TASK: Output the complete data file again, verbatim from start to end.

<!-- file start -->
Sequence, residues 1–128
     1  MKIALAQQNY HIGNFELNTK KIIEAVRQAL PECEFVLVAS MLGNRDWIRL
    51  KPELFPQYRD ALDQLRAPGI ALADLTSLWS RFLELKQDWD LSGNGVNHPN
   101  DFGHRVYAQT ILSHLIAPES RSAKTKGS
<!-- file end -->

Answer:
Sequence, residues 1–128
     1  MKIALAQQNY HIGNFELNTK KIIEAVRQAL PECEFVLVAS MLGNRDWIRL
    51  KPELFPQYRD ALDQLRAPGI ALADLTSLWS RFLELKQDWD LSGNGVNHPN
   101  DFGHRVYAQT ILSHLIAPES RSAKTKGS